CALGARY, Alberta (Reuters) - Oil prices settled up on Monday, as Saudi Arabia’s commitments to reducing production offset a report forecasting U.S. output would again rise this year.
The Organization of the Petroleum Exporting Countries (OPEC) has agreed to cut production by 1.2 million barrels per day (bpd) to 32.5 million bpd from Jan. 1 in an attempt to clear a global oversupply that has depressed prices for more than two years.
Russia and other key exporters outside OPEC have said they will also cut output.
Saudi Energy Minister Khalid al-Falih said on Monday the country will adhere strictly to its output reduction commitment, expressing confidence that OPEC’s plan to prop up prices would work.
But expectations of rising oil output in the United States as well as the U.S. federal holiday on Monday capped price gains.
Goldman Sachs said it expects year-on-year U.S. oil production to rise by 235,000 bpd in 2017, taking into account wells that have been drilled and are likely to start producing in the first half of the year.
U.S. oil output is now at 8.95 million bpd, up from less than 8.5 million bpd in June last year and generally at levels in 2014, when overproduction sent the market into a tailspin.
Falih’s words were also not entirely positive. While committing to the cuts, he had also said producers are unlikely to extend their agreement to cut oil output beyond six months, especially if global inventories fall to the five-year average.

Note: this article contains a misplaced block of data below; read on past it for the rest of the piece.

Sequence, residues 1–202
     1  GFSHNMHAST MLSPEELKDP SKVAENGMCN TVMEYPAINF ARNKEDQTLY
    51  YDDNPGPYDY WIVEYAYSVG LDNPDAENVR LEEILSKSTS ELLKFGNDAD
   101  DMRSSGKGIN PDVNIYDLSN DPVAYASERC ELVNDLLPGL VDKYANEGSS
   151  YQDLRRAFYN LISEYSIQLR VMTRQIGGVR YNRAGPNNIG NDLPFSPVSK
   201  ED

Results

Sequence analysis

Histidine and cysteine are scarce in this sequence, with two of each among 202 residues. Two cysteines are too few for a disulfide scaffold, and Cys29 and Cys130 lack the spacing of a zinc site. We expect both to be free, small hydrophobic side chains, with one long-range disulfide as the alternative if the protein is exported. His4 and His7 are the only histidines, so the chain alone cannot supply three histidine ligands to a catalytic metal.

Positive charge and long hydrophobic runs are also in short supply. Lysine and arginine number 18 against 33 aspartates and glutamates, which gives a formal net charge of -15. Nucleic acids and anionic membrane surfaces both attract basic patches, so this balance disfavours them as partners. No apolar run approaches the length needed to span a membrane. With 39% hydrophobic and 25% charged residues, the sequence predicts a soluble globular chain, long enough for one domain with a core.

“We don’t think it’s necessary given the level of compliance,” Falih said at an industry event in Abu Dhabi. “My expectations (are) ... that the rebalancing that started slowly in 2016 will have its full impact by the first half.”
Investors have doubted that OPEC and its allies can trim output enough to push up prices.
Russian oil and gas condensate production averaged 11.1 million bpd for Jan. 1-15, two energy industry sources said on Monday, down only 100,000 bpd from December. Russia has committed to a 300,000-bpd cut during the first half of 2017.
“Cuts by OPEC and non-OPEC countries have just started and it will take some time for them to filter through,” said Bjarne Schieldrop, chief commodities analyst at SEB Markets in Oslo.
“We do not really expect the oil price to strengthen much more in the first quarter of 2017.”
Additional reporting by Christopher Johnson and Julia Payne in London and Henning Gloystein in Singapore; Editing by Chizu Nomiyama and Paul Simao
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